Can Eagles O-line protect Vick?

And then there was one.

As his team enters the FOX America’s Game of the Week against visiting Dallas (4:25 p.m. ET Sunday), left guard Evan Mathis is the lone surviving starter on Philadelphia’s offensive line.

The injuries that have decimated the unit began in the preseason when four-time All-Pro left tackle Jason Peters wrecked his Achilles tendon. The player to Mathis’ right – center Jason Kelce – was lost for the season to torn knee ligaments in Week 2.

The dominoes have continued to fall. Right guard Danny Watkins has missed two games with what Eagles head coach Andy Reid has described as a “chronic ankle condition.” And now, right tackle Todd Herremans (foot) is out for the season after getting hurt during Monday night’s 28-13 loss at New Orleans.

Even Mathis isn’t immune. He had a bout with vertigo during the preseason and appeared on the team’s injury report Wednesday as having practiced despite a knee problem.

“It’s been a rough one,” Mathis told about the 2012 season. “It’s one that will test your will. It’s crazy to think the line we had is almost completely gone.

“I remember getting the call hearing about Jason tearing his Achilles. The thought of that is just crushing to know you’re losing one of the best tackles in the NFL. It’s crushing to know your teammate who wants to be out there with you can’t. It’s a guy you got comfortable next to. And then one by one it happens to everyone else out there. It’s kind of unbelievable.”

The next player who goes down may be the quarterback for whom the line is entrusted to protect. Michael Vick has taken a beating this season by getting sacked 27 times and hit far more. Vick went down a season-high seven times against a Saints defense that entered with only 13 sacks through its first seven games.

Against the Cowboys, King Dunlap will shift to right tackle so Demetress Bell can play where he is more comfortable at left tackle. Dallas Reynolds, who had never taken an NFL snap in three-plus seasons until Kelce was hurt, will remain at center. Dennis Kelly, a 2012 fifth-round draft pick, gets the nod at right guard, a position the former Purdue tackle had never played until receiving limited snaps in the preseason.

The impact of all this shuffling was painfully felt by Vick when the Saints blasted the line with blitzes the Eagles usually failed to pick up.

“The communication and calls with the guys who come in, they usually do a pretty good job of figuring all that out,” Mathis said. “But continuity does go a long way for the offensive line. That’s one of the biggest things impacted by injuries.”

The Cowboys’ defense – especially down the middle — can relate.

Inside linebacker Sean Lee (toe) and strong safety Barry Church (Achilles) are gone for the year. Nose tackle Jay Ratliff’s status for the Eagles game is in doubt because of a sprained ankle suffered in Sunday night’s loss to Atlanta. And a sprained neck suffered by Lee’s replacement Dan Connor forced the Cowboys to field a makeshift unit against the Falcons.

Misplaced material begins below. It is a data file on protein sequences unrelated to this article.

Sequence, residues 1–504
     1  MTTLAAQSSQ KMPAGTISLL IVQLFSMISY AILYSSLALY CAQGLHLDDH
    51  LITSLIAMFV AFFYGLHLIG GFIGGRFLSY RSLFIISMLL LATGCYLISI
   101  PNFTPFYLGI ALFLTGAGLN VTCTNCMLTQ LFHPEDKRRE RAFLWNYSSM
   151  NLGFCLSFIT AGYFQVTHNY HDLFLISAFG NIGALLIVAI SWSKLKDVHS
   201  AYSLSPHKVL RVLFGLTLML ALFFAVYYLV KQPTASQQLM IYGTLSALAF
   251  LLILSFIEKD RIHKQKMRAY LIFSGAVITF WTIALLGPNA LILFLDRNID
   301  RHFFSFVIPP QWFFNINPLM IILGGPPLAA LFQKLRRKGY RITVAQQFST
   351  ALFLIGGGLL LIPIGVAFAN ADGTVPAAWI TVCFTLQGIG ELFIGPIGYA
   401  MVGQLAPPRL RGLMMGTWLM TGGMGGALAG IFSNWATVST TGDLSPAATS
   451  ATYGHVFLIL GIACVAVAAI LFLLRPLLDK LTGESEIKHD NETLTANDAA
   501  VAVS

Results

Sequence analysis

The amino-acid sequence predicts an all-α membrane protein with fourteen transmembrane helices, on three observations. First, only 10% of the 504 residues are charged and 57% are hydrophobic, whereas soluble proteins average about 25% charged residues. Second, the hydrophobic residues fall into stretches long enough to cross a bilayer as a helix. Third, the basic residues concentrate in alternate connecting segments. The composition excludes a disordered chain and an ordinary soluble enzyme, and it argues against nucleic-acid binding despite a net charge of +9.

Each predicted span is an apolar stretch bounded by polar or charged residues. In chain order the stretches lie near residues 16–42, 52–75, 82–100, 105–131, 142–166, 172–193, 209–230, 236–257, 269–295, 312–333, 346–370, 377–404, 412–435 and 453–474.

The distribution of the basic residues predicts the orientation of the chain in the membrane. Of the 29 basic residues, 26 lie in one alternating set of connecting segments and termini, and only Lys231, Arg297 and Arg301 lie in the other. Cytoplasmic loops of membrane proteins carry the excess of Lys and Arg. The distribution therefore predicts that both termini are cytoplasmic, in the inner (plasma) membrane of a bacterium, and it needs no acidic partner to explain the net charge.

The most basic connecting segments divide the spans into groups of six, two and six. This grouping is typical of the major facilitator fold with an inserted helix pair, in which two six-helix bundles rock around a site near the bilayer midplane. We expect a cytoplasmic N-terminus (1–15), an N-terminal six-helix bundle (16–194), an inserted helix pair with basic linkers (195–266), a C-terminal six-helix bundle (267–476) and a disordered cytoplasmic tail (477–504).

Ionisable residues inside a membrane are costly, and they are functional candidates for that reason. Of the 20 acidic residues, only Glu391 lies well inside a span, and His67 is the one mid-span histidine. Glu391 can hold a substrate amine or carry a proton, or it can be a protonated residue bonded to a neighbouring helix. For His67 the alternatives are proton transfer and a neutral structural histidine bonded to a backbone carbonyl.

Mathis said he didn’t notice Dallas doing much different schematically versus the Falcons but the personnel changes have taken a toll.

“The guys are just coming in trying to fill those spots,” Mathis said. “It might not be to the level that the guys before them were, but that’s the case if you take out any starter in the NFL.”

There is one second-year Cowboys defender who has stepped up in the absence of his linebacker brethren. Bruce Carter had his best game of the season against Atlanta and is the favorite to lead Dallas in tackles for the rest of the season.

“You can see when a guy is focusing and finishing the play,” Mathis said. “That’s what stands out about (Carter).”

It took Mathis almost eight NFL seasons to begin standing out himself. A 2005 third-round pick by Carolina, Mathis bounced between the Panthers, Miami and Cincinnati before finding a home with the Eagles.

Although he started 15 games for Carolina in 2006, Mathis didn’t secure a first-string spot again until the 2009 season in Cincinnati. Even then, Mathis was relegated to a rotational role after being sidelined by a high ankle sprain.

Mathis credits Bengals offensive line coach Paul Alexander for providing a big boost to his NFL development. But when a chance to join Philadelphia and play under line coach Howard Mudd came about in the 2011 offseason, Mathis jumped at what he described as a “do or die” opportunity for his football career.

It was a wise move. Amid the threat of losing him in free agency, Mathis was considered valuable enough by Eagles management during the offseason to receive a five-year, $25 million contract extension.

“When I looked at the whole thing, this was a new offensive line coach coming into a good organization,” said Mathis, 31. “I knew that everybody had a clean slate. Nobody had any kind of history with him here and I had heard that he preferred linemen in the athletic mode. I like to say that I fit that mode.

“I knew if I could show what I could do that I would reap the fruits of my labor.”

Mathis has that bounty on the table in front of him. But the meal doesn’t taste as good with the Eagles at 3-5 and Reid’s job security coming under heavy fire.

“It’s really frustrating that we haven’t performed to the level that we expected of ourselves and is expected of us,” Mathis said. “There’s no drop-off in preparation or belief. Everybody still believes in each other and the coaches.

“Our mentality this week is, ‘Let’s be 1-0. Don’t worry about the past. Learn from it. Correct what needs to be corrected and move forward.’”

Even if more linemen are getting left behind seemingly every week.